“Mental health isn’t a one-size fits all.” Austin Nugent speaks on her experience with OCD and how it may look different from what you think.

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What do you think of when you think about OCD, or obsessive-compulsive disorder?   

Is it someone who has to obsessively organize their whole book collection by author? Or someone washing their hands, over and over and over for fear of catching an unknown disease? 

According to Austin Nugent, a Disability Program Administrator at HDI, even if you’re not completely wrong, you only have a small piece of the puzzle.  

“I think the most common misunderstanding is that mental health is one-size fits all, so if you have obsessive compulsive disorder, it’s going to look a certain way, like you see in the movies,” she said.  

For Austin, OCD doesn’t look like washing hands over and over again, or counting the number of times she closes the door or quadruple checking that the stove is off. It is intrusive thoughts caused by a sensation, image, or idea. These triggers are often perceived as insignificant by others, but for Nugent, her OCD attaches meaning to her intrusive thoughts leading to a great deal of distress. She gets stuck on things needing to be ‘just right’ like a conversation, the organization of a closet, the texture of food, or the formatting of a document.  

If things don’t meet the expectations of her OCD, she will seek reassurance, avoid particular situations, or perform mental rituals like ruminating for hours or days, or over explaining and correcting to alleviate her anxiety or discomfort. To most people, it may not even be noticeable that she is caught in an ‘OCD cycle.’ But for Nugent, it’s very real.  

“People often think I appear to be fine, so therefore I must be fine,” she said. “No. My brain is on a constant loop. My heart is racing, and I am super clammy and sweaty because I am on the verge of a full-fledged panic attack about something that happened two hours ago that most people would probably find very insignificant, like a typo in an email or a twitch in my eye.”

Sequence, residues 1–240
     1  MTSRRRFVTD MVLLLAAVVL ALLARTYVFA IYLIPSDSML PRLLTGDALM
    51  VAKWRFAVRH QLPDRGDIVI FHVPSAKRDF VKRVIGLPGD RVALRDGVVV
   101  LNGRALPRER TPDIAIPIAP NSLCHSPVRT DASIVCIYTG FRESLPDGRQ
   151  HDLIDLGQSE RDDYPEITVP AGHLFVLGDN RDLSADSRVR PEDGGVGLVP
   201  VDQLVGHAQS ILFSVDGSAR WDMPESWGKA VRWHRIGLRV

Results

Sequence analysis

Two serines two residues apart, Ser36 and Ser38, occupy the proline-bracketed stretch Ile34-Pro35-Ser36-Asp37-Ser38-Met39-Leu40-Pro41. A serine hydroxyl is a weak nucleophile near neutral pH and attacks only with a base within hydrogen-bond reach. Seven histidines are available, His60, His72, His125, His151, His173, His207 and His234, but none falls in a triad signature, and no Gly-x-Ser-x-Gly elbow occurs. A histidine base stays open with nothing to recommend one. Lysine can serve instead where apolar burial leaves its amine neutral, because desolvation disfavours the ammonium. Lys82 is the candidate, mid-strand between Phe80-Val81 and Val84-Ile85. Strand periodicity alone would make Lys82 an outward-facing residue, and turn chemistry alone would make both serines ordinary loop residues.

A fear of what has happened is just one of the ways her anxiety manifests. It can also present as a fear of what-ifs.

“I also get uneasy about things that don’t happen, like someone saying something one way instead of another, convinced that I must be a ‘bad person,’” she said. “I know the twitch in my eye is probably because I’m tired, and someone not responding in a certain way is not indicative of my worth, but OCD will do all that it can to convince me otherwise.” 

But it’s not all a challenge, she noted.  

“Although OCD can cause me a lot of anxiety and be very time-consuming, I have learned to be proud of my journey, as I also find benefits and strengths in having OCD,” she said. “For example, it makes me incredibly detailed-orientated and very organized.” 

For Nugent, Mental Health Awareness Month is a reminder for others that for her, it isn’t confined to just a month. She is always aware of mental health, and the need to prioritize her mental health care.  

“Mental health awareness is a daily occurrence for me,” she said. “I need to pay very close attention and be very aware of my mental health needs constantly…if not, my OCD will rear its head and intensify, and then that ends up affecting every area of my life. Once I get in an OCD cycle, it can be very difficult for me to disrupt the cycle and move on with my day .” 

But Mental Health Awareness Month is also an opportunity. People who don’t have mental health conditions can get great benefits out of being mindful of their mental health and wellness.  

“Therapy is valuable for everybody,” she said. “It does not matter if you have a mental health condition or not, we all can benefit from having a toolkit of strategies when we’re in a rut.”  

She also encouraged people to learn more about mental health and challenge stereotypes. 

“There is so much misunderstanding around mental health,” she said, adding that just because it doesn’t look like it does in the movies doesn’t mean it isn’t real. “Don’t discredit anyone because they don’t fit the mold that you have in your mind of what OCD or anxiety or schizophrenia is supposed to be.” 

This article represents the opinions of the author and interviewee, not that of the University of Kentucky.